The New G3: Can LG’s Latest Really Kill the Galaxy S5?
Just a few short months after the release of the G2, LG is back with a brand-new flagship device. The G3 has been leaked more extensively than any other phone in recent memory, but the leaks don’t distract from what might be the best oversized Android smartphone ever made.
As with last year’s model, the LG G3 features top-of-the-line specifications. At 5.5 inches, the G3 towers over its competition, making a strong case for the ever-increasing size of the flagship smartphone. Inside, the G3 contains a quad-core Snapdragon 801 processor, 3 GB of RAM and 32 GB of internal storage.
The one thing LG seems to do better than any other Android phone maker is making an outstanding display. Once again, you’ll be hard-pressed to find a more stunningly bright, attractive screen than the one LG has placed in the G3. Trumping the Galaxy S5 (and just about every other Android phone on the market), the G3’s enormous 5.5-inch IPS LCD panel packs a resolution of 2560 × 1440 — that’s true quad HD. My seemingly ancient iPhone 5 couldn’t have looked any duller sitting next to the G3.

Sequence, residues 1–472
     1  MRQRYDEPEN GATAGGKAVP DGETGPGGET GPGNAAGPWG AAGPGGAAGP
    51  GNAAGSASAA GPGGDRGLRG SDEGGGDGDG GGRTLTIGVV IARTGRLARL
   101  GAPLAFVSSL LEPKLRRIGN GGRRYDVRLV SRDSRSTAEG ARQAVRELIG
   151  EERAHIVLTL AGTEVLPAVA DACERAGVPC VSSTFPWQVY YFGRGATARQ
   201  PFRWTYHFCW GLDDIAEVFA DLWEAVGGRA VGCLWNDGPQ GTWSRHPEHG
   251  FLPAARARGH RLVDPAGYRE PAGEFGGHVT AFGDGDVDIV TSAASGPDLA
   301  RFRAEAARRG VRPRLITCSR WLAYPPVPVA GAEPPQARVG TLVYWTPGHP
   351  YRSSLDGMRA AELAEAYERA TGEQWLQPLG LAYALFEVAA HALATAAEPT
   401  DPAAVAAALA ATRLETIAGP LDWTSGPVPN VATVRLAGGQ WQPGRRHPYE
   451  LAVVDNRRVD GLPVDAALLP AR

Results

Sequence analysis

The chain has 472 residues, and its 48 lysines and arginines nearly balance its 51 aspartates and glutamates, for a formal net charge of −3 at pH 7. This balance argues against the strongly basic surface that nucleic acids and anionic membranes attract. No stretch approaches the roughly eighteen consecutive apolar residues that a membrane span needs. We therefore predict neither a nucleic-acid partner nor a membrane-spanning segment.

The additional 1 GB of RAM has made the G3 even faster than the G2, an already speedy device. Apps opened as quickly as I could tap on them, and the phone unlocked with a smooth animation every time.
If you read our impressions of the G2 from late last year, you’ll remember how distracting the kitchen sink approach LG took to software was. As the issue has only gotten worse on many recent devices, I was apprehensive about the G3, but the software suite available on the demo devices was surprisingly tame.
LG focused on three specific software features during its presentation: Knock Code, Smart Notice, and Smart Keyboard.
Knock Code is a novel take on the lock screen, splitting the phone’s display into four quadrants in which to craft a code that might be slightly less decipherable than a typical numeric code.
Smart Notice is LG’s subdued personal assistant, less flashy than Cortana or Siri, but about as effective. Smart Notice basically picks up the slack for everything Google Now doesn’t do.
Smart Keyboard brings a few improvements to the smartphone keyboard, such as allowing you to select predictive text by swiping up on the keyboard or edit messages by holding down on the space bar and sliding left or right to move between letters. Any change to something we use as often as our keyboard will take some getting used to, but these additions could theoretically speed up your typing.